Given the reality that the television industry is changing rapidly as new methods of content management and delivery become increasing viable, Intel does not want to be shut out. Particularly as the PC market continues to contract, Chipzilla is in need of a new growth area upon which to capitalize. A concerted effort to change the way we watch TV is not a bad place to start. To this end, Intel has promised to release its new Internet-based live TV product by the end of the year.
What is Intel TV?
The new service from Intel -- which is expected to be called OnCue -- is an attempt by the chip maker to deliver a full complement of live TV, on-demand content, and other options to consumers over a broadband Internet connection. Unlike other set-top boxes like Apple TV, OnCue would not require a monthly subscription to any of the major cable or satellite providers like Comcast or Time Warner . The service would represent a major shift in the industry, and existing providers are fighting back.
What are the barriers for Intel TV?
The major hurdle that Intel must overcome is one of content. In early June, Reuters reported that Intel was in negotiations with several major content providers and was willing to pay as much as a 75% premium to get access to content. While it appears that no deals have been signed yet, Intel is driving the process and, I believe, with its offer of exposure on a new technology and a higher payout, content providers are likely to acquiesce.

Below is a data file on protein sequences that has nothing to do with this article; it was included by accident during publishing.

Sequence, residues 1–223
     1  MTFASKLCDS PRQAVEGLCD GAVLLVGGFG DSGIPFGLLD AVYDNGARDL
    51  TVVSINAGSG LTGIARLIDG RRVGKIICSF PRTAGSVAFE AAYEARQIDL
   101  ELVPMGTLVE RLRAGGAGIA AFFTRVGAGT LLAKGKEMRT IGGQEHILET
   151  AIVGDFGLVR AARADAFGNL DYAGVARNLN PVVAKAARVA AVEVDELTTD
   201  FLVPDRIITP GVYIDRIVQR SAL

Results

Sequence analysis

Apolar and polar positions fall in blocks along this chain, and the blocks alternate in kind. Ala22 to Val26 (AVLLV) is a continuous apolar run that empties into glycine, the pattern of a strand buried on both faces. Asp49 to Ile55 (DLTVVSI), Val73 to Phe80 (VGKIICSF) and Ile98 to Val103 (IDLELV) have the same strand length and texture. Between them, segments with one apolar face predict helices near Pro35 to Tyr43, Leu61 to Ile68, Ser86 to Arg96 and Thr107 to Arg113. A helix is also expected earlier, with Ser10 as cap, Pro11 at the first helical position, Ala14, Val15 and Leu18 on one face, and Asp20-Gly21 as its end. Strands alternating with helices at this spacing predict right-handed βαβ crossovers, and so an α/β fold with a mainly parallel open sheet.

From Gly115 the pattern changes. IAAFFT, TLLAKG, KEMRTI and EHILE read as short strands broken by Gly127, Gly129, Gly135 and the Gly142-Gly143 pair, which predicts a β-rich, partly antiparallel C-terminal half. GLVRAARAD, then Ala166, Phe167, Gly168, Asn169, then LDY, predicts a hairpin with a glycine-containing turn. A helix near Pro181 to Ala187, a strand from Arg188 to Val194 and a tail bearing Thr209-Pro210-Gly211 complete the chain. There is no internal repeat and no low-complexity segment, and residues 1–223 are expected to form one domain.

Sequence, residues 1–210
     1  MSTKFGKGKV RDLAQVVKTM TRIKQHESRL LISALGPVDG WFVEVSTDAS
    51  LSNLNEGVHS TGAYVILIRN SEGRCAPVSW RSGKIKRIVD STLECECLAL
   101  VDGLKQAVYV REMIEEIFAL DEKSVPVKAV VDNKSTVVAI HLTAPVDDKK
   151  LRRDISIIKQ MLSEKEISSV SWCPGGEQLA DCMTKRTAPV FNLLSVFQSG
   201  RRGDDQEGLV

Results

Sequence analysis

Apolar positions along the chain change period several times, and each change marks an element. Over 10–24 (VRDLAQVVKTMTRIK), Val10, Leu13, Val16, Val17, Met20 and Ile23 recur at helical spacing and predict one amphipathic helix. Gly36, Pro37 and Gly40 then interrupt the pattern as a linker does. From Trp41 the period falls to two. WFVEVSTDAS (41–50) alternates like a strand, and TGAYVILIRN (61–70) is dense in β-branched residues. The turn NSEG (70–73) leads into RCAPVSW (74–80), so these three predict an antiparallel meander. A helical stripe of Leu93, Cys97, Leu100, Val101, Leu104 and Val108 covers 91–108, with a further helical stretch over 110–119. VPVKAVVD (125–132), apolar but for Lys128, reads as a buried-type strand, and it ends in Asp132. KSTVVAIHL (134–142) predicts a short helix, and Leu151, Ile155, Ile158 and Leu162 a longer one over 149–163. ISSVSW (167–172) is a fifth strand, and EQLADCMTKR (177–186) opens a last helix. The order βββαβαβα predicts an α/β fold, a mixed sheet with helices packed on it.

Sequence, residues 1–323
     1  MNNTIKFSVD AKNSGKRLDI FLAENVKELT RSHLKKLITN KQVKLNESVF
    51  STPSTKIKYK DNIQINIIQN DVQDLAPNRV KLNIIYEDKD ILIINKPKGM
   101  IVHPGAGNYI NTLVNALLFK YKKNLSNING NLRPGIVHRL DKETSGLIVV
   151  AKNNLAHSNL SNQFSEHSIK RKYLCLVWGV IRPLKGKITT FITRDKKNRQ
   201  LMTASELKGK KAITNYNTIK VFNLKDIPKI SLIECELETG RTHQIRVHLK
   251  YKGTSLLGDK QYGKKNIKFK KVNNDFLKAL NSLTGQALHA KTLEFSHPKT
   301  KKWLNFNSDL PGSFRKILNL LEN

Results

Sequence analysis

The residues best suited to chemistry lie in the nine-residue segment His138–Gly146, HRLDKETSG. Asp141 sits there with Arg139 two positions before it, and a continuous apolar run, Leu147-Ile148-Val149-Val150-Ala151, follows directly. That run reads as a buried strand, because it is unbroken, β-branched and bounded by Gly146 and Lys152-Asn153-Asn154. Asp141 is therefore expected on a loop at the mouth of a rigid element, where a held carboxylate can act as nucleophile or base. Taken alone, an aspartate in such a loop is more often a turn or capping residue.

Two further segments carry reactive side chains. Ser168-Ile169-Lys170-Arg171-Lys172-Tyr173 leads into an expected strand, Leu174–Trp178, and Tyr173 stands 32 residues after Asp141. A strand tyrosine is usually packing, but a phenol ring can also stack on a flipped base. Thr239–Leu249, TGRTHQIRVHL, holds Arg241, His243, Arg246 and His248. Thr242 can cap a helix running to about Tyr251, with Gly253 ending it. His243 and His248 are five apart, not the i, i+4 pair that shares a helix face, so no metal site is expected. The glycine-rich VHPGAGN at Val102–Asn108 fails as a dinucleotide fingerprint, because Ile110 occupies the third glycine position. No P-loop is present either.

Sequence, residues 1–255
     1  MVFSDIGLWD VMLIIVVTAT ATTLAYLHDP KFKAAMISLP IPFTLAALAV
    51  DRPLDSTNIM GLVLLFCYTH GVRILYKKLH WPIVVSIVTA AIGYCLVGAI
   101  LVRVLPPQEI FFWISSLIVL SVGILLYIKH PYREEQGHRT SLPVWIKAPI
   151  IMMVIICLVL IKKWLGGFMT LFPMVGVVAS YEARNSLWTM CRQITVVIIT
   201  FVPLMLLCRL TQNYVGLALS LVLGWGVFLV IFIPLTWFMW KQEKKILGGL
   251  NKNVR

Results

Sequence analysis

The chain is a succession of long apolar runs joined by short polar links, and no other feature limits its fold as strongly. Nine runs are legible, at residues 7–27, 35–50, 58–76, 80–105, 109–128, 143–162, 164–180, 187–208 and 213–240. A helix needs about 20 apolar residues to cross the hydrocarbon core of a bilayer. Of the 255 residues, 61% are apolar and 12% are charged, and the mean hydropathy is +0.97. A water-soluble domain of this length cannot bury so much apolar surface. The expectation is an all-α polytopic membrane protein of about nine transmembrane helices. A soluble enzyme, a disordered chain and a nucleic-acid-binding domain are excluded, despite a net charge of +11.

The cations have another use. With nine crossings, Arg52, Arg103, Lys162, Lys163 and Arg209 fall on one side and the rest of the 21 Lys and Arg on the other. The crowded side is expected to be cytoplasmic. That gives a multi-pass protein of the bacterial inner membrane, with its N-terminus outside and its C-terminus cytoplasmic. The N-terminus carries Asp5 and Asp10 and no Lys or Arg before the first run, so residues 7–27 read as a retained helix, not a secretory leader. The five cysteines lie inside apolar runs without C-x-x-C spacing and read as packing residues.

Even Intel's new CEO, Brian Krzanich, recognizes that content is the challenge: "We believe we have a great user interface and the compression-decompression technology is fantastic. But in the end, if we want to provide that service it comes down to content. We are not big content players." The battle for content is critical to the success of OnCue.
The other major hurdles for Intel are the ones being raised by Comcast, Time Warner, and other service providers. These have included financial penalties and incentives to channel owners to shun Internet-based options like OnCue, and in some cases have gone as far as to include outright exclusivity clauses or specific bans on Internet distribution of content. These practices have become of sufficient concern that the Justice Department has apparently begun looking into to possible antitrust violations in the industry.
Can Intel TV succeed?
The real question, of course, for both consumers and investors alike is whether Intel's new venture can be successful. OnCue is a totally new way to deliver television to consumers and is an aggressive step by Intel. In contrast, Apple has chosen to work with cable and satellite providers to enhance their services rather than compete with them. Even in cases where Apple has made deals directly with content providers like ESPN and HBO, this content is only available to users who already pay for those channels through a traditional distributor.
As with all things in this industry, content and cost are likely to lead the way. While I believe that TV ultimately must go online, the challenge for Intel as a first-mover will be convincing content providers to draw the ire of established distributors and manage costs. As other major players -- Google with YouTube, for example -- look to take live TV to the Internet, this seems like the inevitable direction of the market. Intel may face some growing pains along the way, but OnCue has great potential and, upon its release, is a reason to own the stock.
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